4. Be massively prepared for any contacts or interviews you might have, and try to make connections with editors, not just HR people. Stay up on what's popular in children's literature, and read lots of recently published books in the field. If you are going to meet an editor for an interview of some kind, read at least one of the books he or she has published and have intelligent things to say about it or questions to ask. Try to get an overview of the editor's list as a whole, then think about the qualities he or she values in books, and the place those books hold within the output of the larger publishing house. If you're sending an application cover letter, demonstrate that same sort of knowledge. Have a list ready in your head of your favorite books of all time, the books you've read most recently, and the kind of books you would most want to work on if you could.

5. Be genuine, passionate, and energetic but not obnoxious. When I do informational interviews, I'm most impressed by the people who clearly love books and know their stuff; who are engaged with the world and do things for the love of it, and who are eager to transfer that make-things-happen energy into the publishing industry; who write well, as that's essential in this business; and who have good, calm, non-obsequious manners and a good self-presentation. Don't laugh too much, especially in agreeing with your interviewer, and don't suck up. Be someone I can respect as a possible editorial colleague, with well-thought-through opinions of your own.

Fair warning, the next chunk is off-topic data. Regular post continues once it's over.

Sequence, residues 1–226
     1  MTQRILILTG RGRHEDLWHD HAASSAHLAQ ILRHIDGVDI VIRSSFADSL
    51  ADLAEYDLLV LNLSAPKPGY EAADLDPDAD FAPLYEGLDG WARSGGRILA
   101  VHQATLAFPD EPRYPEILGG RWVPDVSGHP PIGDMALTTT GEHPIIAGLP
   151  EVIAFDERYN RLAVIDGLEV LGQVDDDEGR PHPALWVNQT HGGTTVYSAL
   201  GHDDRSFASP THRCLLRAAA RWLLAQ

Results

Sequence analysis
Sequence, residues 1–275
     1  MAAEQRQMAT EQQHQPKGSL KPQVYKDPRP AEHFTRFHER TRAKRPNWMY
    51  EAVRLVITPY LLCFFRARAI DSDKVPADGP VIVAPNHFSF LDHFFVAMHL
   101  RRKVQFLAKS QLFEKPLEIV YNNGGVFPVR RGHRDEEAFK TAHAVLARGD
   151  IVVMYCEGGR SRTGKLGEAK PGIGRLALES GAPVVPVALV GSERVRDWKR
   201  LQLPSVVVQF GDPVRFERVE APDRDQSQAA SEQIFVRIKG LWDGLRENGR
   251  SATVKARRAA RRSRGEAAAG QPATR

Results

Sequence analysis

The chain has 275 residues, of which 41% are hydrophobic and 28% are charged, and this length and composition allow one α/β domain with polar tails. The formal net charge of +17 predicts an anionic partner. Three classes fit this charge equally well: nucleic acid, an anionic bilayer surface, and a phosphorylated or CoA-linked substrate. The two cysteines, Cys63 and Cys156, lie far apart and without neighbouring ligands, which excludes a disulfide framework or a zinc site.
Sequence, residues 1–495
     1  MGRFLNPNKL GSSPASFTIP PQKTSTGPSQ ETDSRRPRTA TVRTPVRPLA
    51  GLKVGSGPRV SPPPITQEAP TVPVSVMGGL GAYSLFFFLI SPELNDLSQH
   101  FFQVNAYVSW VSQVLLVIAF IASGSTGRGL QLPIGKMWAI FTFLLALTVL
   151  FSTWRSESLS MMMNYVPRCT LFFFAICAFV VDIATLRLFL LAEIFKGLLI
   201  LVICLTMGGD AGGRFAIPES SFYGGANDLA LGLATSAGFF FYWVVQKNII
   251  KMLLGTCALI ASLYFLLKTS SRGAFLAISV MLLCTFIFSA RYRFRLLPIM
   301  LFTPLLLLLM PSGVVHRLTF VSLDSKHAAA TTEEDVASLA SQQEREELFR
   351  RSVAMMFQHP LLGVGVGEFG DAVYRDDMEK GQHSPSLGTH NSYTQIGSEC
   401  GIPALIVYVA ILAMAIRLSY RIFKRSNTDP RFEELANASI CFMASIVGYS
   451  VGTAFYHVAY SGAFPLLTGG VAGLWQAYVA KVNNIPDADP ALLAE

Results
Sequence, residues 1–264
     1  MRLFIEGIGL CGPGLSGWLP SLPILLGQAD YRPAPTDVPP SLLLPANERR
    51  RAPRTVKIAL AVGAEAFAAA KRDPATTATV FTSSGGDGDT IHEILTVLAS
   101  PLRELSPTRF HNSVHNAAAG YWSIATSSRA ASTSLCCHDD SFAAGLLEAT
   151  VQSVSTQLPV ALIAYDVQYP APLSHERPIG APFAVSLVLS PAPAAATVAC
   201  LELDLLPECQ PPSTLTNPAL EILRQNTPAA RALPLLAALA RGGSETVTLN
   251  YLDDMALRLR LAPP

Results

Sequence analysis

6. Do everything right. Of course this is impossible, but in general:  Write the very best you can. Proofread the hell out of anything you turn in. Turn it in on time, or before on time. Tailor your work to the publisher (or even better the editor) to whom you're applying. Wear nice interview clothes and send a thank-you note afterward. Do all the basic professional things right, and then go above and beyond in your smarts, insight, and passion for books.

3 comments:

  1. If you want to work in small publishing, learn to get people who will not be your employees onto your team.

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  2. I would also add, if I may, two other things:

    Don't be afraid of other departments. There are a lot of jobs in publishing outside of editorial, and all of them feed into one another. Besides, if you still want to end up as the next Cheryl, you'll have all kinds of good experience within publishing, and you can take that marketing or sales or contracts knowledge with you. Plus, you'll spend all of that time building connections and trust with the people you want to work for.

    And patience and perseverance. It took me almost a year and a half to find my first paying job in publishing, despite having a super duper mentor who had my back, and a lot of interviewing opportunities. Which of course goes back to what you mention about there not being a lot of editors. I mean, if you think about how hard it is to be a published writer and how few people accomplish that- but there are even fewer editors working with those authors.

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  3. Thanks for posting! I know it is difficult to find jobs in the northeast, especially in this job market. I have various friends and relatives who can't find any New Jersey jobs or jobs in New York. This will be quite helpful to some people who are looking for this kind of help! Great information.